In the paragraphs on sexual anesthesia we saw that, while the condition treated of is far commoner in women than men, it is usually pathological and unnatural; the abnormality, as a rule, disappearing under favorable conditions of intercourse, and the sexual mechanism gradually returning to its normal organic functions. Those who desire to more intimately analyze the sexual status of woman will find that, heretofore, two very opposite currents of opinion prevailed respecting it, both of which were equally false. One made woman an angel, a wholly supernatural element in human life, and the other regarded her as a mere plaything of the animal appetite, with no thought, feeling, nor purpose, outside the sexual sphere.
Religion, it cannot be denied, had much to do with fixing and developing these discordant views; they being far more intimately blended in savage life; and in the asceticism of early Christianity, it is not hard to trace those peculiar workings of the human mind in which the condemnation of sexuality was very naturally correlated with exaltation of virginity. To this persistent antagonism between the sexual and the ethical, are due, not only the mystical idea of sexual purity, on which, in the Divine Incarnation, the Christian faith is founded, but all those later picturesque idealizations of the diabolic and divine, which constitute so large a portion of ecclesiastical literature.
In the life of woman, it would not be difficult to show, that religion and love go hand in hand. That the boasted intellectuality of the sex today is an anomaly, a subversion, a futile attempt to reverse the divine order of creation, is adequately shown by the fact that, wherever it has taken the place of primitive instincts in women, sexuality has been abolished. Joan of Arc never menstruated; the life of George Sand was one long battle against those sex impulses which made her "wander in darkness, and create in pain;" and of all the women who have profoundly modified the intellectual or political life of the past, as well as those who stand in the public eye today, there is not one who, either in physical feature, temperament, or trend of thought, will be found to conform appreciably to the feminine type. They are invariably what Professor James calls "anti-sexual."1
1 "Principles of Psychology,"n, 347. Lombroso, I think,remarks very truthfully and graphically—"there are no women of genius; the women of genius are all men;" and Euripides was one of the earliest to note that women of talent are all subject to sexual aberration. Sappho, Philena, Elephantina and Leontion, the priestess and philosopher, were all public prostitutes; and during the Renaissance we find another notable list of such ladies, of whom Tu Ilia of Aragon was probably chief. (See "Weider-belebung des Klassisch Altert.," 1882.)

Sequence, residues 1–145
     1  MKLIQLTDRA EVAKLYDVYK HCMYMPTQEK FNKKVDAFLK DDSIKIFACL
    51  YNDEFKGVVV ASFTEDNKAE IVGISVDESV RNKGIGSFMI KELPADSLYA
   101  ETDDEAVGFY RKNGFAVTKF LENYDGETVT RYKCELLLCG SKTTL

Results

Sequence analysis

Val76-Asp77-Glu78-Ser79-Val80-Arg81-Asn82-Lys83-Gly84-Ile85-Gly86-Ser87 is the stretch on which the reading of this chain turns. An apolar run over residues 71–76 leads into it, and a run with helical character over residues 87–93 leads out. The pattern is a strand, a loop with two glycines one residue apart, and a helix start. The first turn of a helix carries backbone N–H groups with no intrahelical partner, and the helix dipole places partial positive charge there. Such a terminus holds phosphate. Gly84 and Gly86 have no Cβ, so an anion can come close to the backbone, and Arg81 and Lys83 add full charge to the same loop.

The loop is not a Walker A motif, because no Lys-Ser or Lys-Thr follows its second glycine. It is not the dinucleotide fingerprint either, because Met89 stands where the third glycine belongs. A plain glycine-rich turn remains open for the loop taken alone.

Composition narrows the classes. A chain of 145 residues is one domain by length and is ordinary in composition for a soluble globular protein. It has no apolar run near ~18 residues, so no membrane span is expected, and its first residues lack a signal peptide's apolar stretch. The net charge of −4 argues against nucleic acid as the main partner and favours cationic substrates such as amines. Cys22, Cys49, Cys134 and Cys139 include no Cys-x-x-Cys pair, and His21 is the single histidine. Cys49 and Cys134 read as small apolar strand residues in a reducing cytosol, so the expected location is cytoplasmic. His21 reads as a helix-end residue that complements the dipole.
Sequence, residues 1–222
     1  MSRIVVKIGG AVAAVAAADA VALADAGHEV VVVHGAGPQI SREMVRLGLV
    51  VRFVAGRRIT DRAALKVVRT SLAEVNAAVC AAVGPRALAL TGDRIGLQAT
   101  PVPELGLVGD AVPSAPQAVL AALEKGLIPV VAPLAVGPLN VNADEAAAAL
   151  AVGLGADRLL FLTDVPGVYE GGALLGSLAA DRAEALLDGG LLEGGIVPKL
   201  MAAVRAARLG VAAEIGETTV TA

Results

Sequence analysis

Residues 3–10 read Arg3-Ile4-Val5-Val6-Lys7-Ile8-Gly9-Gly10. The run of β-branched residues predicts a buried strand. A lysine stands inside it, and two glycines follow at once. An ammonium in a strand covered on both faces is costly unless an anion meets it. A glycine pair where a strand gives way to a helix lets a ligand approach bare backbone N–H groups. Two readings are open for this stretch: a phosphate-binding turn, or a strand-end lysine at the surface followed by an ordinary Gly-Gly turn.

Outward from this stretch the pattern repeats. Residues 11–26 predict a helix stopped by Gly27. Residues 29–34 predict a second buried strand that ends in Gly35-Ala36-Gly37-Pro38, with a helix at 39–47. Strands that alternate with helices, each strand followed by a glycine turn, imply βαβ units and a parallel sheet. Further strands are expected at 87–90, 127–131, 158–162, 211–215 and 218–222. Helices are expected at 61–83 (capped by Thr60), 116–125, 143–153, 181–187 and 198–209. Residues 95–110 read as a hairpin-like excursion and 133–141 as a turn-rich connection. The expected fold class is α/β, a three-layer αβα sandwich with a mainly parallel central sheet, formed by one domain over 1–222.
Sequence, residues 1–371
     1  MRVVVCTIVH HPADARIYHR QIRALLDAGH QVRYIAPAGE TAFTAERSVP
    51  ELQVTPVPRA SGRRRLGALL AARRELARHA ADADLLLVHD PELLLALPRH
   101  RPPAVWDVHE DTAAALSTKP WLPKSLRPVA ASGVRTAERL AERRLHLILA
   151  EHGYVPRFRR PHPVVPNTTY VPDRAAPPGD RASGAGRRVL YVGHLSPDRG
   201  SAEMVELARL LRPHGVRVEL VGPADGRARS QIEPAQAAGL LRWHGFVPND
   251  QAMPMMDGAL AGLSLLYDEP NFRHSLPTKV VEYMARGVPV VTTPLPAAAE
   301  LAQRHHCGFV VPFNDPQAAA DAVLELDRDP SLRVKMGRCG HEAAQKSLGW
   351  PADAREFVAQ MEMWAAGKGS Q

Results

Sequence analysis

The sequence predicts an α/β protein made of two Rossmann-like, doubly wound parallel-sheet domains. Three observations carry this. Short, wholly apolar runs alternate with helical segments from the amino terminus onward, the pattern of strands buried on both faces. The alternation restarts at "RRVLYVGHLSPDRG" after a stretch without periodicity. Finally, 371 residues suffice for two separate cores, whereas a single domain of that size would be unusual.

On the other hand, women have always been identified with religion; nor is it surprising that the sex-emotion, and that Religion and the of spiritual exaltation, should have a close dynamic
Sex Impulse relation to each other; both being primitive in women, and both presenting points of very marked affinity, as well as those inherent qualities which render each capable of rising into prominence at the expense of the other. Starbuck has shown very clearly1 that the age of love is that at which women exhibit the greatest susceptibility to religious influences; and Hahn points out, equally clearly, that the well-observed connection between sexual suppression and early religious rites grew out of a desire to heighten, rather than to abolish, the sexual instinct.1 It needs only a slight knowledge of feminine psycho-sexuality to understand the tendency for the sex-emotion, when repressed by castration, celibacy, or other cause, to slip into the psychical sphere; and the fact that early Christian theologians devoted so much thought to sexual matters, in the framing of their Church polity, shows that it was not the least of the troubles with which they had to contend.
The master of Clifton College, discussing the sexual vices of the boys, noticed that the worst offenders in this line were those of religious temperament* and the late Mr. Spurgeon, in 1882, pointed out in one of his sermons that, "by a strange yet natural law, excess of spirituality is next door to sensuality."4
Bevan Lewis supplements Starbuck's statement, associating the religious impulse in girls with the age of puberty; and the equally significant one that decline of religious susceptibility begins, as a rule, at the cessation of menstruation; and Savage puts the seal of his judgment upon the question in the following words: " Religion is very closely allied to love, and the love of God and the love of women are constantly sources of trouble in unstable youth."*
"Ecstasy," remarks Norman, "as we see it in cases of acute mental disease, is probably always connected with sexual excitement, if not with sexual depravity;"8 and the case of the woman who masturbated herself with a crucifix, to sanctify the act,7 and of another, mentioned by Morel, who believed herself to be, by turns, a nun and a prostitute,* acting up to the different characters in each case, show, not only the close connection between the religious and sexual impulses, but the danger which underlies any attempt to divert or suppress either.
1 "Psychology of Religion," 1899. > Lac tit,, p. 50, et icq.
' Rev. J. M. Wilson, "Journal of Education," 1881.
' II- Ellis, loc. tit., 1, 233, note2. 1G. H. Savage, "Insanity," 1886.
• C. Norman, in "Tuke's Diet, of Psychological Medicine." 7 Archives de Neitrologie, 1S97.
• Quoted by H. Ellis, loc. til., 1, 234.